Whether you're a frequent visitor or a first-timer, taking a local approach when it comes to eating, drinking and other amusements offers a rewarding way to experience the city. Catalans are a friendly bunch, but they have seen their city taken over by tourists in recent years; you’ll find them much more open if you try and blend in as much as you can. This means not walking around in beachwear, not carousing in the streets late at night, and perhaps attempting to learn a few words in Spanish (or, even better, Catalan).

When to Dine

In Barcelona, and elsewhere in Spain, meal times run late. Most restaurants don't open for dinner until 8.30pm or 9pm and close at midnight or 1am; peak dining time is around 10pm. Locals commonly have lunch between 1pm and 4pm. This is then followed by a nice long siesta (a loll on the beach or in one of the parks is a fine choice when the weather is pleasant). Locals aren't big on breakfast – a croissant and a cortado (espresso with milk) is a typical way to start the day.

Water & Wine

Lunch or dinner, wine is always a fine idea, according to most barcelonins. Luckily, many restaurants offer menú del día (daily set menu) lunches that include a glass of red or white. If you become a regular, waiters may give you complimentary refills or even leave the bottle. Of course, you can also opt for another drink.

A word on water: no one drinks it straight from the tap (taste it and you'll know why). Order agua mineral, either con gas (sparkling) or sin gas (still).


When hunger pains arrive in the afternoon or early evening, locals head out for a pre-dinner tapa. This means heading to the local favourite for a bite of anchovies, sausage, squid, wild mushrooms, roasted peppers or dozens of other tempting morsels. Wine, cava and beer all make fine accompaniments.

Many tapas spots are lively stand-around-the-bar affairs; Bormuth and Vaso de Oro are great places to start. When it's time for a change of scenery, barcelonins might make their way to dinner or just head to another tapas bar and skip the sit-down formality altogether.

Local Meal Spots

La Rambla is fine for a stroll, but no local would eat there. The same holds for Carrer Ferran and other tourist-packed streets in Barri Gòtic. The Gòtic does, however, have some local-favoured gems, particularly on the narrow streets of the east side – such as Onofre and Cafè de l’Acadèmia. For a more authentic neighbourhood dining experience, browse the streets of El Born, Barceloneta, El Raval and Gràcia.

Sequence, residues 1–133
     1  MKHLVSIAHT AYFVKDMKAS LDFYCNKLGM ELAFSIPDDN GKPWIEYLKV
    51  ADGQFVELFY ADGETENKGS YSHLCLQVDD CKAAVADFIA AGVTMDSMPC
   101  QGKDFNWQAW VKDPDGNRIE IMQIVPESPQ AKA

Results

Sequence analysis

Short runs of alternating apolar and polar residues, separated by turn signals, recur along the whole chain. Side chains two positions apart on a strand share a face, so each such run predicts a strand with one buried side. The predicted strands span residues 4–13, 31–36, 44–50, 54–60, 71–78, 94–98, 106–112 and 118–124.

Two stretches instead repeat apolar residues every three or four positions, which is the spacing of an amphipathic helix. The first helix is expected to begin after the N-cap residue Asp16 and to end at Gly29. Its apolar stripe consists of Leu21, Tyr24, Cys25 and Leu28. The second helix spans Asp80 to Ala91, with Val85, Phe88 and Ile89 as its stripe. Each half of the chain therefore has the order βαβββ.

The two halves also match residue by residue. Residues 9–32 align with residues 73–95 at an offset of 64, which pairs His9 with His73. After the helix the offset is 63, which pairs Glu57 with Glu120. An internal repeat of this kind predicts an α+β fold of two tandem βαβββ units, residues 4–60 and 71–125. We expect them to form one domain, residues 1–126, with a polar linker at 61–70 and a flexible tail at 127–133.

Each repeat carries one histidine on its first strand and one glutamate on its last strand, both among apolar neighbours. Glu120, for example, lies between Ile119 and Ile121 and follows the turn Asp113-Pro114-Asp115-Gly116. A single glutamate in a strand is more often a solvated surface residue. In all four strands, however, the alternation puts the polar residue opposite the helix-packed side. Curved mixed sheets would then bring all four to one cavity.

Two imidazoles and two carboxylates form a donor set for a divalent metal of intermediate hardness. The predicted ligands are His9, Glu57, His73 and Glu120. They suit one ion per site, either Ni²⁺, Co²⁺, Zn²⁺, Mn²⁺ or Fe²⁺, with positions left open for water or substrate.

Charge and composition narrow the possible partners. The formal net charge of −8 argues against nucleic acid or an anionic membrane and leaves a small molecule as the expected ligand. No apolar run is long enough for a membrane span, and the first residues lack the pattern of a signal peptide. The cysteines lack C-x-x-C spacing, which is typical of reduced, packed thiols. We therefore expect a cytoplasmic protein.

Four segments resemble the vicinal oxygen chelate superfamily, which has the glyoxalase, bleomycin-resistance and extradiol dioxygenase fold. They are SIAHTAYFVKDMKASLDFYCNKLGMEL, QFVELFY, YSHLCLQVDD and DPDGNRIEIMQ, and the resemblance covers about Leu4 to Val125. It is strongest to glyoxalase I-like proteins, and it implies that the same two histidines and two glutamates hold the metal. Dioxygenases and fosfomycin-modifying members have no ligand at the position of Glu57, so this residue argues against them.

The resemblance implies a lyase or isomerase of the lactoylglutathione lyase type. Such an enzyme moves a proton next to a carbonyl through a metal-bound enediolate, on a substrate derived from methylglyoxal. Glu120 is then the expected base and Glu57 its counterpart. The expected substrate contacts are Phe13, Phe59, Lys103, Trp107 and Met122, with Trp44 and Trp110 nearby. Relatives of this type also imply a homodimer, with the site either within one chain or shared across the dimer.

Many barcelonins head out of town at the weekends. That could mean skiing in the Pyrenees in winter, or heading up the Costa Brava in summer. Those that stick around might check out flea markets or produce markets, head to the beach or have an outing in the park. The parks are liveliest at weekends, when local musicians, picnickers, pop-up markets and playing children add to the city's relaxed air. Culture-craving locals might hit an art opening – openings at CCCB and MACBA are good fun – see a rep film – Filmoteca de Catalunya has intriguing fare – or catch a concert, at Jazz Sí Club or Sala Apolo, perhaps.

The Sunday Feast

Sunday is typically the most peaceful day for Catalans, and a fine occasion for gathering with family or friends over a big meal. Lunch is the main event, and many restaurants prepare Sunday-only specials. Lots of places close on Sunday nights too, so it's worth lingering over a long multi-course lunch. A rich paella in Barceloneta – try Barraca or Can Ros – followed by a long leisurely stroll along the waterfront is always a hit.

Festivals & Other Events

One of the best ways to join in local amusement is to come for one of the city's big festivals. During summer (June to August), Música als Parcs features 30 or so open-air concerts at a dozen parks in Barcelona, and free concerts are held at various venues around the city. Stop in at a tourist office for the latest schedule. Other great open-air concerts that goes through summer include Festival Piknic Electronik and Festival Pedralbes.

Local Listings

If you can read some Spanish (Castilian), browse the latest art openings, film screenings, concerts and other events in the Guia del Ocio (www.guiadelocio.com), Time Out Barcelona (www.timeout.cat) or daily papers like La Vanguardia (www.lavanguardia.com) and El Periodico (www.elperiodico.com). Friday papers list the weekend's events (most with pull-out supplements) and are often worth a read, even if your Spanish is limited. The council website (barcelonacultura.bcn.cat) also lists upcoming events.


FC Barcelona plays a prominent role in the city's imagination. Heading to a match at Camp Nou from September to May is the best way to catch a bit of Barcelona fever, but watching it on screen at a tavern can be just as much fun depending on the crowd. For the most fervent fan base, head to Barceloneta, El Raval, Gràcia or Sarrià, where you'll find lively spots to catch a game. The daily journal Marca (www.marca.com) gives the latest on sporting news.

Tickets can be bought at www.fcbarcelona.com or FC Botiga.


The traditional Catalan folk dance sardana still attracts a small local following. On weekends aficionados gather in front of La Catedral for group dancing to a live 10-piece band. The action happens at 6pm on Saturday and noon on Sunday and lasts about an hour.

Need to Know

  • Miniguide (miniguide.es) Culture, food, nightlife, fashion and more; published 10 times a year.
  • Barcelona Cultura (barcelonacultura.bcn.cat) Upcoming cultural fare, including concerts, exhibitions and festivals.
  • Spotted by Locals (www.spottedbylocals.com/barcelona) Reviews of favourite spots – restaurants, bars, cinemas, galleries and more, written by local residents/expats.
  • Barça Central (barcacentral.com) The latest about FC Barcelona.
  • In & Out Barcelona (www.inandoutbarcelona.net) New restaurants, bars, cafes, shops and clubs with lovely photos – in Spanish.